If you have decided to buy a new fly fishing box (one or more) this year, please read this. In this article, I revealed 7 key elements to look for in a flight case.
Over the years, I have collected a lot of fly fishing boxes. One is here, the other is here, and there is no plan, rhyme, or reason at all.
On the other hand, one thing that has a lot of these things is when it needs to be replaced and reorganized-because most of the fly fishing boxes, I own have one or two properties that I like, but none of them have all-I know exactly Got what I want. Keep this set of standards in mind, and pay attention to the following seven key things when buying a new fly fishing box.
- Your fly fishing box should be durable
Fly box flapping. I sat on them, stepped on them, threw them on the rocks, and fell into many rivers. I threw them into the back of the suitcase, put them under the luggage, spilled drinks and food on them, smashed them with a cooler, and even melted one of them when I accidentally brought it near the campfire.
Lightweight, soft-sided fly fishing boxes do everything they can to reduce the burden. For my money, although I do like lightness, I have higher requirements for sturdiness and durability.
- Your fly fishing box should have thoughtful design features
Regarding the important functions of the fly fishing box, in addition to those functions that I introduce in more detail here, you must also look for attributes that make your fly fishing day easier. Small things like rounded corners make it easier to pull the fly fishing box out and push it back into a vest or backpack.
I like the double-sided fly leaf with many slots on both sides. I will also look for fishing boxes with removable leaves that you can replace with another leaf that has been filled with different kinds of flies. I like small ornaments such as the corner magnets on the leaflets, so you don't have to hold it with your thumb when it is windy.
I like that fruit flies with big hooks have enough internal space and trustworthy and strong closing clips. Things like this are very important to me, usually the most important little things.
- Your fly fishing box should have multiple sizes and colors
Due to the reorganization anyway, I decided that I want all new fly fishing boxes to come from the same manufacturer. I want them to have different sizes for different fly types, I also want them to have the same shape, design, and color. I already have a dazzling box.
You may accept the above suggestions; you can choose to choose different flight case colors to easily identify cases with different flight groups. It depends on you. In my case, once I arrange the new boxes in my own way, I plan to work harder for our label manufacturers.
- Your fly fishing box should be transparent
Speaking of label manufacturers, if you buy a transparent fly fishing box, you may not need one. And suppose you now need inner leaves on both sides, then you also want your fly fishing box to be transparent on both sides.
Some very useful hubs come with fixed two-sided internal hub panels, but instead of one open side, use two separate open covers on each side. We also like this design, but this type of box tends to be a thicker-a small disadvantage.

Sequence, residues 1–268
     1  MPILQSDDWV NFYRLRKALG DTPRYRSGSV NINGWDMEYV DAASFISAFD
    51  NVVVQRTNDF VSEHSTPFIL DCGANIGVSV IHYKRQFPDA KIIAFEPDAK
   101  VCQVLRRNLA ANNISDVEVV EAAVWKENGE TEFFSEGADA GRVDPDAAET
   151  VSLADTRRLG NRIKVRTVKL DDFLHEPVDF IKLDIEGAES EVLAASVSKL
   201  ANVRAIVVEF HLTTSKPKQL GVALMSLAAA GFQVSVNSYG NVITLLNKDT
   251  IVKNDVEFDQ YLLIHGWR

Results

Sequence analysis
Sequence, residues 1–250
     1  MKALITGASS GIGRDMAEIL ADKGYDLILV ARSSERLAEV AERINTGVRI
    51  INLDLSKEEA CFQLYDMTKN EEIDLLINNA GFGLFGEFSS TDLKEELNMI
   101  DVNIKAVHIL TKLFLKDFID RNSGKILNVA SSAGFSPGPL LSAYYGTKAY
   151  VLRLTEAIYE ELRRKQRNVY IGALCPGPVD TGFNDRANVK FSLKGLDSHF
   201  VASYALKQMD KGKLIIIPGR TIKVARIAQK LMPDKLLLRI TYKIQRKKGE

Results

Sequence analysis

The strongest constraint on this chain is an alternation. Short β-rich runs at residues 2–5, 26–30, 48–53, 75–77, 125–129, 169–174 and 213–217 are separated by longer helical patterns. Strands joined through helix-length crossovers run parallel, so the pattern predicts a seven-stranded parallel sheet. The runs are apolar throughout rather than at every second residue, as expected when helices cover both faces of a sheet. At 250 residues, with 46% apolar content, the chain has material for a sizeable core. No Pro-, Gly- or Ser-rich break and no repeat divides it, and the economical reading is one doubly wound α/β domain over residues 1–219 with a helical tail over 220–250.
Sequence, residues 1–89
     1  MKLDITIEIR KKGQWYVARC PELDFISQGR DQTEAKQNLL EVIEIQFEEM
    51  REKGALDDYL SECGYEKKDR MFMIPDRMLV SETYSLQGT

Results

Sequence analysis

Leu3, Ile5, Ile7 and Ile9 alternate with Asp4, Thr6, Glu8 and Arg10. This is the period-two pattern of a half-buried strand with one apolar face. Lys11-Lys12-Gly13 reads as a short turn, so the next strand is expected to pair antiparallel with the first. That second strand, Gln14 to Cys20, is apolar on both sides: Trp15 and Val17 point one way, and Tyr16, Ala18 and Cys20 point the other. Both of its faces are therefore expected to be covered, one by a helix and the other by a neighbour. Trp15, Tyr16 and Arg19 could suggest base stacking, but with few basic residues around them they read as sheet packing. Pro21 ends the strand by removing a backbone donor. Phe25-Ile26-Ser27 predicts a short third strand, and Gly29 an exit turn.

- Your cash register should have a large number of cash register slots
Many decent fly fishing boxes have rows of foam ridges, but no actual slots These fishing boxes have definitely been good for me over the years, but when you repeatedly pierce the flies into the foam and pull it out of the foam, they tend to be chewed.
I prefer a fly fishing box with preset slots. The pre-slotted fly fishing box can not only better adapt to frequent hook insertion and extraction operations, but also provide a more uniform arrangement for your precious fly hook series. Who doesn't want that?
- Your fly fishing box should have tight slots.
Most modern fly box structures use better materials, which can make your flies more firmly fixed in position, thus reducing troubles, just like seeing one of your precious artificial flies fly out. The same as the defective fly fishing box.
Obviously, because the design can meet the needs, I am not the only one who sniffs the slots and the wayward flies gives.
- Your fly fishing box should be waterproof
When buying a new fly box, look for a waterproof fly box, which can be waterproof when closed. If you put an expensive collection of flies in a bad fly box, they will get wet even if the fishing box is closed.
Another benefit of the waterproof fly fishing box is that when you close it again when you put it in a drink, it will float. The keywords are "float" and "when", because not if you put down the fly box, but when you put down the fly box because you absolutely will.
Another well-considered design feature of a good fly fishing box is the place to connect the tether! Chasing things along fast rivers is the kind of unintentional swimming I mentioned. I recommend avoiding this possibility!
Due to the reorganization anyway, I decided that I want all new fly fishing boxes to come from the same manufacturer. The pre-slotted fly fishing box can not only better adapt to frequent hook insertion and extraction operations, but also provide a more uniform arrangement for your precious fly hook series. When buying a new fly box, look for a waterproof fly box, which can be waterproof when closed. If you put an expensive collection of flies in a bad fly box, they will get wet even if the fishing box is closed. The keywords are "float" and "when", because not if you put down the fly box, but when you put down the fly box because you absolutely will.